A persistent tingle in my left nostril tells me that my esteemed colleague and opponent Rick Munarriz will bring up all the ways you can abuse stock options. In a preemptive response to that concern, let me quote that noted modern philosopher, Spider-Man: "With great power comes great responsibility." The Marvel
Stock-based compensation is commonly used to hand out stock options or straight-up shares in your company to the top brass in management. It's meant to motivate top executives to keep the company running as well as it possibly can; they will directly benefit from an improving stock price, which is one expected result of running a great operation.
For an example of doing this right, look at Rodney Sacks, CEO and chairman of Hansen Natural
In return for making the Monster energy drink a serious threat to privately held Red Bull, Sacks received options on 450,000 shares of Hansen stock over the past five years, along with an average of $284,000 in straight salary (plus cash bonuses). The stock now trades at $200 per share; you do the math.
It didn't take any dirty backdating tricks or secret allotments to reward the CEO of one of the market's best-performing stocks over the last decade. Management was simply rewarded for stellar performance and motivated to stay with the company through SEC vesting rules that invalidate unused options if executives leave a company. It's all on the up-and-up. I'm cool with that, and presumably so are Hansen's shareholders.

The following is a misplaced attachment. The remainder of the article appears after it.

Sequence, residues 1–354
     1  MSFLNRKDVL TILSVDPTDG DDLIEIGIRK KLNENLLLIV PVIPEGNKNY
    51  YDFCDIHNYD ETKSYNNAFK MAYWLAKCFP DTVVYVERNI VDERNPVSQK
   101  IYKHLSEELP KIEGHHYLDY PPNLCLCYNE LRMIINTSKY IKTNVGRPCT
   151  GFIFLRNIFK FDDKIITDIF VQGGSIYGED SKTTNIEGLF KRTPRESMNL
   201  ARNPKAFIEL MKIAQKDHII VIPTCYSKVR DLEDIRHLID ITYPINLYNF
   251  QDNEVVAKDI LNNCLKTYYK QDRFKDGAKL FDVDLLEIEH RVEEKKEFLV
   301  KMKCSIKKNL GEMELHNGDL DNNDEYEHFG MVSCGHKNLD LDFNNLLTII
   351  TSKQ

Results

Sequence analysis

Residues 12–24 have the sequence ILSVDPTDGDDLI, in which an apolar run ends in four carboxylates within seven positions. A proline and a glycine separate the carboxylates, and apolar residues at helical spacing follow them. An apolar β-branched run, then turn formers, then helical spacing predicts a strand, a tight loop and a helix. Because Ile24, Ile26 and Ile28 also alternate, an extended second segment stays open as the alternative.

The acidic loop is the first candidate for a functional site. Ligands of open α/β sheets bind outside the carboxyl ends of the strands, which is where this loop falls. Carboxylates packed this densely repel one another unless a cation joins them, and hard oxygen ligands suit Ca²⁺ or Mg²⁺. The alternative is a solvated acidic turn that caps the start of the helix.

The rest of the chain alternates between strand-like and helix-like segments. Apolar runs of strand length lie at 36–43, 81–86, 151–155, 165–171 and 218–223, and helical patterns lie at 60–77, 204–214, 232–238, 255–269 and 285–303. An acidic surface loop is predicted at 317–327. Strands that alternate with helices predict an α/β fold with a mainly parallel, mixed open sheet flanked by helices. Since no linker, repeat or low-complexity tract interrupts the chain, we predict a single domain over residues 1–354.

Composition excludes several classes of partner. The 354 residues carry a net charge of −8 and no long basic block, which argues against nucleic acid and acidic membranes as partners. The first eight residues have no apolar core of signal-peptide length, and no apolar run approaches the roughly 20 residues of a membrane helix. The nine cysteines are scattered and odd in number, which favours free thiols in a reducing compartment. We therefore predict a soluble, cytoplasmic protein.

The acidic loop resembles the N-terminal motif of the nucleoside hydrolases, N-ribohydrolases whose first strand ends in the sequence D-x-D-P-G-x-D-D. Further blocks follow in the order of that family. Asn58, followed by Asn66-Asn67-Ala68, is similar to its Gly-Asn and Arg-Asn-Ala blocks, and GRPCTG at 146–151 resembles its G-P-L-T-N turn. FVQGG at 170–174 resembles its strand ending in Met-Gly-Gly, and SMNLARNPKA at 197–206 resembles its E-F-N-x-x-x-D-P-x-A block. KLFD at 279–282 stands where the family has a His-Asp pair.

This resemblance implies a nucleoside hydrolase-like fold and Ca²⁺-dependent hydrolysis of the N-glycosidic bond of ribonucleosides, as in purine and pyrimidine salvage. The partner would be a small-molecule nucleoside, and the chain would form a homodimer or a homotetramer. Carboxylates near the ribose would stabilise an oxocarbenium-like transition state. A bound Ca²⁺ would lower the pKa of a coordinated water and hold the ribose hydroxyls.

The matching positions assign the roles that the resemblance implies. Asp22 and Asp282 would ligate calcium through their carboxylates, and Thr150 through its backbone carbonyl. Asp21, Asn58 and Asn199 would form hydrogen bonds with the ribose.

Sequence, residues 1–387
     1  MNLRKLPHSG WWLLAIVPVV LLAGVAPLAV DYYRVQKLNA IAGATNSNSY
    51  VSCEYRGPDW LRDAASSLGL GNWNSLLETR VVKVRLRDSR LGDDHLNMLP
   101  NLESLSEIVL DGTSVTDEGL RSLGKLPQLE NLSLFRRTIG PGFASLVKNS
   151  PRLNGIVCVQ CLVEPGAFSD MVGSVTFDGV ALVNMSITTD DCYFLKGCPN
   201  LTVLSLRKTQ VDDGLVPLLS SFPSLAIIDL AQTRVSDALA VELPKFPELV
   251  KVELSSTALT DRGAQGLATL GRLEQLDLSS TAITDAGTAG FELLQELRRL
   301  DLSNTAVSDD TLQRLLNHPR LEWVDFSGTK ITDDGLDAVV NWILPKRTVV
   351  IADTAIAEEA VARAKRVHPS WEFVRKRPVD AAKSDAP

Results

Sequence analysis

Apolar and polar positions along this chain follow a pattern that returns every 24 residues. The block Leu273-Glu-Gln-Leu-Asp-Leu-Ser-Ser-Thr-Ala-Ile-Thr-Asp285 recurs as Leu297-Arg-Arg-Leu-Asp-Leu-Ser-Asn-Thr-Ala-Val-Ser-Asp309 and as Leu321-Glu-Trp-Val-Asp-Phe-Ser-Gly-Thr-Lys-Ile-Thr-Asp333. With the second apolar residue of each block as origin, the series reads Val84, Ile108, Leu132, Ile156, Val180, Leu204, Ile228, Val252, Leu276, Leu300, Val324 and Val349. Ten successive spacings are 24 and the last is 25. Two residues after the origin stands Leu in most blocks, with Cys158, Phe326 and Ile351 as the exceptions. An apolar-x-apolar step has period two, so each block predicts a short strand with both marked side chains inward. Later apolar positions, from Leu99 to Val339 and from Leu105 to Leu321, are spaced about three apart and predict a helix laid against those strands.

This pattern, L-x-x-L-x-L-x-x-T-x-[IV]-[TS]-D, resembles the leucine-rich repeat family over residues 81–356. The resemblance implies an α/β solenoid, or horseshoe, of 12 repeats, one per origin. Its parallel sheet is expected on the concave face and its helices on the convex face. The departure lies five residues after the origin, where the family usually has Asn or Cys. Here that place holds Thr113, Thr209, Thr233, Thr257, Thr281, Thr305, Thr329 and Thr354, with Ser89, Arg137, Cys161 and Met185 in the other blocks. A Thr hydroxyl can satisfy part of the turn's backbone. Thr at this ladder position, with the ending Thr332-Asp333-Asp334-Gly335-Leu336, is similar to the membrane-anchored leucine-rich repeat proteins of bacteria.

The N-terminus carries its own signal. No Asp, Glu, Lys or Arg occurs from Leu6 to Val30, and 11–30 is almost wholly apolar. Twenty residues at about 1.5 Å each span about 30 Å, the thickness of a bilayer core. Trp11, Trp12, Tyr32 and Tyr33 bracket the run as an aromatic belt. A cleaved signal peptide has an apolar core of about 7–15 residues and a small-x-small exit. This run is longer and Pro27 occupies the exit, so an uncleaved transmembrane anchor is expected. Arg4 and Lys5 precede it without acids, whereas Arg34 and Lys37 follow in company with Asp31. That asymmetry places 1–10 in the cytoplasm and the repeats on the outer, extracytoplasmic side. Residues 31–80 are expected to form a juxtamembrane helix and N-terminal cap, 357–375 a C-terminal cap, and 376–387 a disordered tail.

From the ground up
The top dogs aren't the only ones who can benefit from stock-based pay. Remember the heady dot-com days? If you were a janitor or a mailroom clerk at Yahoo!
Did I mention taxes? The most restrictive options grants, where the stock resulting from exercising your options can't be sold for another year thereafter, can give you tax-free gains when you finally do sell the stock. Look for "incentive stock options" in your next contract. They could make you rich.
I know there are problems with options, but they all seem to arise from weak disclosure rules. The Fool has lobbied long and hard for greater transparency in grant policies, and now these grants need to be disclosed as operating expenses. That's a start, but it's about to get even better.
The SEC is set to vote on changes to the reporting rules concerning executive pay. If the measure succeeds, all publicly traded companies will be required to list the shares and options held by the five highest-paid employees, and even Hansen will have to add the monetary value of these incentives to its earnings reports.
With that level of clarity, the market will be able to punish companies doing stupid option tricks like backdating, thereby making infractions even less common. As Spidey might say: "With great transparency comes great accountability."